Failed Proofs and Stumbling in Wrong Directions. Next, I am embarrassed to say I spent a while using the law of sines (along the track that @calcdave had suggested) to prove that $3=3.$ I should have recognized (but didn’t) when I set two complicated trigonometric expressions equal that had just come from different sides of the law of sines. Then I tried factoring the Diophantine equation above to get $c^2 = (a + \zeta b)(a + \zeta^2 b)$, where $\zeta = \frac{-1+\sqrt{-3}}{2}$ is a cube root of unity. Which led nowhere. Finally, I desperately tried looking at the continued fractions and rational approximations for some irrational numbers that were close to the ratios 3/8, 3/7, etc. No luck. The continued fractions I sought are shown below, using the software Pari/GP.

More Patterns. At this point, I considered writing a program to do a brute force search for more triples. But more handy at the moment was Microsoft Excel, where I could display a number of combinations of $a,$ $b,$ and $a^2 + b^2 - ab,$ and search visually for any that I saw to be perfect squares. I hoped to notice some patterns that could fuel my further work. I found (5, 8, 7), and in general saw that if $(a, b, c)$ is a triple, then $(b-a, b, c)$ will also be a triple (assuming $b>a$). Also encountered were (7, 15, 13) and (5, 21, 19), together with their complements (8, 15, 13) and (16, 21, 19). A piece of my spreadsheet is seen below.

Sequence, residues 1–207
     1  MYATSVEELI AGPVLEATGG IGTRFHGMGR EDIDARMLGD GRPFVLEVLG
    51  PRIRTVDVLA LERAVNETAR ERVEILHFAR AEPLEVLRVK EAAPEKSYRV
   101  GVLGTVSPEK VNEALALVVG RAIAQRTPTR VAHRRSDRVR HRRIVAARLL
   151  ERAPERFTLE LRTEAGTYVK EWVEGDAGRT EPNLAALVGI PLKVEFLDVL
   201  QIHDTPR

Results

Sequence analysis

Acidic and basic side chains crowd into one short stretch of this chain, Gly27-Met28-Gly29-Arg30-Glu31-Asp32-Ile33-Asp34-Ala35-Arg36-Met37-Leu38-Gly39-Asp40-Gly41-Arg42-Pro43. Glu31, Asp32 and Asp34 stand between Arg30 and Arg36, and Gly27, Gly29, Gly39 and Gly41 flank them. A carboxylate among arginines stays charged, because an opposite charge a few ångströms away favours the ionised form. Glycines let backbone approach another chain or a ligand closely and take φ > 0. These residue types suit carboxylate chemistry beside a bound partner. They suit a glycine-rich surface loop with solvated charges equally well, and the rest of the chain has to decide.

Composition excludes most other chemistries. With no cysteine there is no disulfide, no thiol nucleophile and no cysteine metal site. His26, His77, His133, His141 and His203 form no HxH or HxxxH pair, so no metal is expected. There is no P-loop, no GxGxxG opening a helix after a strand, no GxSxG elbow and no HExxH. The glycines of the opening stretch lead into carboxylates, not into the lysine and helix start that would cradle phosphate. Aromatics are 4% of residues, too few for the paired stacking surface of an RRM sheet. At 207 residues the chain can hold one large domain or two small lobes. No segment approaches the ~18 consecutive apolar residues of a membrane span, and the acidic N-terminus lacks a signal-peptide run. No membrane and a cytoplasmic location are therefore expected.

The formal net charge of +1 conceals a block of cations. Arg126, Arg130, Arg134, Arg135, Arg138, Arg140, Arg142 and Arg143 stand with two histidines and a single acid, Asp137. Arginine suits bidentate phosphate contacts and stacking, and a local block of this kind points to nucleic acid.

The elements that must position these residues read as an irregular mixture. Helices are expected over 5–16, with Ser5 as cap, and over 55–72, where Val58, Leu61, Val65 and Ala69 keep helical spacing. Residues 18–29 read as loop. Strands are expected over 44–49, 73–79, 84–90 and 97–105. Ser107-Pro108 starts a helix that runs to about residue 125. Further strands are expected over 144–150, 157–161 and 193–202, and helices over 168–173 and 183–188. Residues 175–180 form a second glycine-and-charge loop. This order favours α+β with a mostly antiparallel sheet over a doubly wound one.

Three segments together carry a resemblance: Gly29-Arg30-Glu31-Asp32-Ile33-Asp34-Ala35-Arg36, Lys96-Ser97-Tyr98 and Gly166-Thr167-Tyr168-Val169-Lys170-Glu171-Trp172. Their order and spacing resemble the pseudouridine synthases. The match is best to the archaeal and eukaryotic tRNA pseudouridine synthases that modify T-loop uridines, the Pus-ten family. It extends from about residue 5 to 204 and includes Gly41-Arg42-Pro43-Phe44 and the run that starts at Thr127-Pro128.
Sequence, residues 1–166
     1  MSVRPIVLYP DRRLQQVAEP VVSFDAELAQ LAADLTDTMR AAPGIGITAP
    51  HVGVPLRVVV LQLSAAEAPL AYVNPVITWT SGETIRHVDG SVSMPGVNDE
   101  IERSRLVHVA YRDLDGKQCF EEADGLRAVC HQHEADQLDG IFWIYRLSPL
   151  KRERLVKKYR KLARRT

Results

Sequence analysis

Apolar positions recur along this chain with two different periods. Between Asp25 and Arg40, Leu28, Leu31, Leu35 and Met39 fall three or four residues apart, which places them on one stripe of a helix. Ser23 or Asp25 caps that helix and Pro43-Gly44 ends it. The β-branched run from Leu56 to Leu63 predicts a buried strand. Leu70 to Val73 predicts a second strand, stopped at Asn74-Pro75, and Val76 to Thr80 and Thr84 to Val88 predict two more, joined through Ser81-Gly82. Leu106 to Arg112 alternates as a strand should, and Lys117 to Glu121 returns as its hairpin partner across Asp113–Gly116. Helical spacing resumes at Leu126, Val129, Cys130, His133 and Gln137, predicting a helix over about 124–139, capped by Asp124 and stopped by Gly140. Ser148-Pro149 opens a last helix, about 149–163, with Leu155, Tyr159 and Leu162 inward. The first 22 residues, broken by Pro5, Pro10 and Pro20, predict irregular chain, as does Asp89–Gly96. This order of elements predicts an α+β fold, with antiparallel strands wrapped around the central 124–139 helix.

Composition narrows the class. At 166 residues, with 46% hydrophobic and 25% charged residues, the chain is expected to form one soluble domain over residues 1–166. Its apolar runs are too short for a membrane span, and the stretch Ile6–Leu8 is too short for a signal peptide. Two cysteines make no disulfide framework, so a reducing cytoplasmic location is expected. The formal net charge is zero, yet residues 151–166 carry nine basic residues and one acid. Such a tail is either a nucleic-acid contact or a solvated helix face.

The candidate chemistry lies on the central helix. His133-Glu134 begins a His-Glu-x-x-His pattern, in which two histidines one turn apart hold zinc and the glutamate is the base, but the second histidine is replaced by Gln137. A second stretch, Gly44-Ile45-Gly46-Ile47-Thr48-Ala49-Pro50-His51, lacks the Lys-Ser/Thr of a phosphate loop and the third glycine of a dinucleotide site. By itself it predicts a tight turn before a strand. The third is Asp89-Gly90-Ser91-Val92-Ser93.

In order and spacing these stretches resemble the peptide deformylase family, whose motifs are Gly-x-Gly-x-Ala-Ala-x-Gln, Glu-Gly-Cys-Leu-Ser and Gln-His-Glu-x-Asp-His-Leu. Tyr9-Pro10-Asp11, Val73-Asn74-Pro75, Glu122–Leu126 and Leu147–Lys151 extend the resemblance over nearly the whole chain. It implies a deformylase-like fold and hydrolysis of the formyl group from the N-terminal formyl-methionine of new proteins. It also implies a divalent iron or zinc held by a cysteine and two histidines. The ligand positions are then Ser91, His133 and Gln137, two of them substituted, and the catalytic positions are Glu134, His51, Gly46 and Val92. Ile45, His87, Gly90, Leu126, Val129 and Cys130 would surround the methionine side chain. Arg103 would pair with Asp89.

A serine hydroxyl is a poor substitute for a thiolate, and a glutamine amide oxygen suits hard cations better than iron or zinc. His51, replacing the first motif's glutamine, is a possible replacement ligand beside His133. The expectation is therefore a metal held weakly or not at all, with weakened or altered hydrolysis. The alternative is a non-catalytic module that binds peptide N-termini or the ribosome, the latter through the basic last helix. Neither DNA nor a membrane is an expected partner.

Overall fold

Research. At this point, remembering back to the proof and generation of infinitely many primitive Pythagorean triples from the unit circle, I divided through the Diophantine equation by $c^2$ to get a planar curve $1 = x^2 + y^2 - x y$ on which to look for rational points $(x, y) = (a/c, b/c).$ I graphed this curve in GeoGebra, and plotted the points associated with the triples I had found, as seen here.

I realized that the only rational points on this curve (ellipse?) that I need be concerned with were in the 45° half-quadrant where you see the cluster of points, between (0,1) and (1,1). Clearly negative rational numbers are irrelevant to the sides of a triangle, and the points to the right of (1,1) on the downslope to (1,0) were just rearrangements of which side of the triangle got called $a$ or $b.$